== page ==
by Fox Doucette
Vanes Martirosyan fights Ryan Davis this Saturday. All I can say to that is “what a disappointment.” Because this is now the Armenian’s 33rd pro fight, and despite calling out Saul Alvarez and insisting in an interview with your columnist here at the Tribune last year that Alfredo Angulo couldn’t handle him, Martirosyan has yet to fight anyone who would suggest a graduation for him from prospect (he’s 26) into genuine contender status.
It all looked to go so well for him at first; he fought a collection of good-but-not-great fighters, avoiding blatantly soft touches without getting thrown to the wolves too soon. Billy Lyell, Harrison Cuello, a way-past-his-prime Kassim Ouma, Willie Lee. Serviceable, decent pro fighters who weren’t going to be world-beaters. Last June, Martirosyan captured the WBC Silver belt from Saul Roman in a fight that was supposed to be the first of two eliminator bouts to make the Armenian the mandatory challenger to El Canelo’s title.
Martirosyan then proceeded to duck anyone who would’ve allowed him to capitalize on that success. He’s timid in the face of Alfredo Angulo. He ducked Erislandy Lara. He fought Richard Gutierrez and Troy Lowry, the latter of whom came into the fight with a 2-8 record in his last ten but who was deemed worthy by the WBC to fight for the Silver belt in question. If anything, Martirosyan has been backsliding in his career, cruising without moving forward.
Your columnist has a theory as to why; the Armenian community is as close-knit in Glendale, California, as it is in Yerevan. One really has to wonder if it’s about getting a title shot for Vanes and his hangers-on. It might just be about playing at being a pro fighter, living the life and reaping the monetary rewards of “hey, we have an unbeaten guy for your fight card, a good draw with a fanbase.”
The choice of venue for Martirosyan’s fights hasn’t suggested anything too blatantly local, nothing nearly as bad as the stuff Groupe Yvon Michel puts out in Montreal, where anyone not in the GYM stable is fed to a set of judges only marginally more objective than one of Stalin’s Soviet military tribunals during the Great Purge. He fought Roman in Los Angeles (on the undercard of the Chavez-Zbik fight last June), but in light of the fact that Saul Roman is Mexican and so were most of the WBC’s people in attendance, that cannot be construed as seizing home-ring advantage.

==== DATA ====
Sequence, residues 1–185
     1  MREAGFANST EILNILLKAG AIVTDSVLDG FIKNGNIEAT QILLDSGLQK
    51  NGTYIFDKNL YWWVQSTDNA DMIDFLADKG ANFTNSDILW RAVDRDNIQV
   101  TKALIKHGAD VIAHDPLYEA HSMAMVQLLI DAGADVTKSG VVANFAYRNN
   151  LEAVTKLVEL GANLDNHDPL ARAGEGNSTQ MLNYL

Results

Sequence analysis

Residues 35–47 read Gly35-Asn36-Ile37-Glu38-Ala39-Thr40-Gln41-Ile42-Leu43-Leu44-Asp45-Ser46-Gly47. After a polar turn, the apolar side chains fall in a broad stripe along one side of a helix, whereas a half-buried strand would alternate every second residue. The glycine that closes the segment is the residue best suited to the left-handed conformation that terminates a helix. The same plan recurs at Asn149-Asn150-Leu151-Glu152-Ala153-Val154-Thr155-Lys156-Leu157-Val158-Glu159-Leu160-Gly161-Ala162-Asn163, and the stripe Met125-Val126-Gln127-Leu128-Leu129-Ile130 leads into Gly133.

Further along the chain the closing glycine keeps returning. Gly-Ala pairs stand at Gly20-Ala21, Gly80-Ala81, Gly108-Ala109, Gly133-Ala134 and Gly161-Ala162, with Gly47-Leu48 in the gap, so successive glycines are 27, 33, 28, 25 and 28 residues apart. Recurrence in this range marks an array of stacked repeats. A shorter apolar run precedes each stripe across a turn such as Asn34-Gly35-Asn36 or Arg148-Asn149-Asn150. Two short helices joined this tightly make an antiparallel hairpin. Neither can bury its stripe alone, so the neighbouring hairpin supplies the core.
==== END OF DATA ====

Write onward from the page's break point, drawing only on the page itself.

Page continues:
It is easy to stroke one’s own ego when in a boxing ring, fighting a guy who’s nowhere near your talent level, making him look like the tomato can he is, then cashing a paycheck, giving your manager his cut and your hanger-on friends their wet-the-beak money and paying all the fluffers and yes-men and weasels their piece, all while wearing a bogus belt around your waist and pretending to be champion.
So congratulations, Vanes Martirosyan, for becoming the newest member of your columnist’s Put Up Or Shut Up club. Hope you beat Ryan Davis silly on Saturday night, hope your undefeated record stays intact, because it’ll be easy work for me every time you turn down a fight with a real opponent in favor of fighting some guy from the Little Sisters of the Poor orphanage.
Side note this week, but I felt a need to say my piece to the world of boxing, wondering why there’s been such a dearth of quality fights since the pay-per-view extravaganza between Mayweather in May and Pacquiao in June. The NBA Finals ended on the 21st of June. The NFL kicks off on September 5th. In the meantime we’ve got the last six or seven Friday Night Fights cards on ESPN2, three Showtime boxing cards (one ShoBox and two championship contests), and a smattering of other pugilistic entertainment as well. In point of fact, the sport is staying quite busy, using the fact that baseball is its only other competition to very good effect and giving fans plenty to look forward to. We’ll see Robert Guerrero, Tavoris Cloud (in a great bang against Jean Pascal), Hank Lundy (FNF), Glen Johnson (also on FNF), Danny Garcia and Amir Khan (a WBC/WBA unification at 140), and a pair of title fights on an HBO card on August 25th (Dmitry Pirog/Gennady Golovkin and Robert Stieglitz fighting Arthur Abraham.)
This time last year, fans and media were lamenting the lack of quality boxing across the board, as the sport entered the doldrums so utterly in earnest that we were all left wondering if anyone was going to fight anyone before the Mayweather/Ortiz fight that September. Except for ESPN having an incredible year (Wolak-Rodriguez I and Hank Lundy’s come-from-behind KO of David Diaz standing out as exceptionally good examples), it really did look like boxing was dying on the vine.
So let’s not bury boxing quite yet, let’s get rid of this “the sport is dying” narrative. It’s going to be a summer with more fireworks than America’s recently concluded annual blow-shit-up and eat hot dogs national holiday. This is going to be fun.
Fox Doucette covers Friday Night Fights for The Boxing Tribune. His weekly column, The Southpaw, appears on Thursdays. Fan mail, hate mail, and cautions to stay the hell out of Glendale for being a “hater” can be sent to firstname.lastname@example.org.